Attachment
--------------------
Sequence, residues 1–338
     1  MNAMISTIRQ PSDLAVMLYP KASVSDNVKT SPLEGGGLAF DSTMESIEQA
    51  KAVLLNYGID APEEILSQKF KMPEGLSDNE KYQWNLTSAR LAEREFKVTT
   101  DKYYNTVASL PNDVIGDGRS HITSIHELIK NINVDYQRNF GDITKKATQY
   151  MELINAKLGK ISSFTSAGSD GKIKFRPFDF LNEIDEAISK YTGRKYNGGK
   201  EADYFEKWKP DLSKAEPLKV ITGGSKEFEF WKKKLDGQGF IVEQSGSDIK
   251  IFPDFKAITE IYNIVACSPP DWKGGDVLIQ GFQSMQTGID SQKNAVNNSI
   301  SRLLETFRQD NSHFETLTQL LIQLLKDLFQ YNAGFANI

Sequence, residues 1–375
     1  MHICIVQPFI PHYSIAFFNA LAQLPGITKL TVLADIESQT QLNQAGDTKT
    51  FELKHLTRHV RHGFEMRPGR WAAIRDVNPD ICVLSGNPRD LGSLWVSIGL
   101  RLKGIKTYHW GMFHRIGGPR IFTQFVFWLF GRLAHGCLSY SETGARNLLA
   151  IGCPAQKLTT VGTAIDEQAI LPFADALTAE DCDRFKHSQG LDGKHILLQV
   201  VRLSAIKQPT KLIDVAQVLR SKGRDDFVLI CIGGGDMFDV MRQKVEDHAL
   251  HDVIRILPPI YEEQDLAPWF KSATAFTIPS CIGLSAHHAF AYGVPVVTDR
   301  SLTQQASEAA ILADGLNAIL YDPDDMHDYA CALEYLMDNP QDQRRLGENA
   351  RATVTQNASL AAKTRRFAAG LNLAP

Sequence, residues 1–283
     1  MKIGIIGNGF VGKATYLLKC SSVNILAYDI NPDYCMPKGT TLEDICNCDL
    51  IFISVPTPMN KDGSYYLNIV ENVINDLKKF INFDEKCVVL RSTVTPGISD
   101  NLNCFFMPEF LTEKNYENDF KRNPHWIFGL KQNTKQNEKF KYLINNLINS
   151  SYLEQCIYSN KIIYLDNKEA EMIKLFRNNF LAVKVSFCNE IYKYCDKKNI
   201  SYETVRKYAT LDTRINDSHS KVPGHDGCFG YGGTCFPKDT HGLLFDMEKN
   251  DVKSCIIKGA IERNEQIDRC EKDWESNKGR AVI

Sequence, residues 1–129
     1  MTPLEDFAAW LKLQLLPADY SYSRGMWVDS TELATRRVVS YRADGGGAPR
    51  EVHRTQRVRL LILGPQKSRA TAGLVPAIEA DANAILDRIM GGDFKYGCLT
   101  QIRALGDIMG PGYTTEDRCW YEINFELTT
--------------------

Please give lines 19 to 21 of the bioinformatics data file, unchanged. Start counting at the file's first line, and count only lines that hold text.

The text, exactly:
     1  MKIGIIGNGF VGKATYLLKC SSVNILAYDI NPDYCMPKGT TLEDICNCDL
    51  IFISVPTPMN KDGSYYLNIV ENVINDLKKF INFDEKCVVL RSTVTPGISD
   101  NLNCFFMPEF LTEKNYENDF KRNPHWIFGL KQNTKQNEKF KYLINNLINS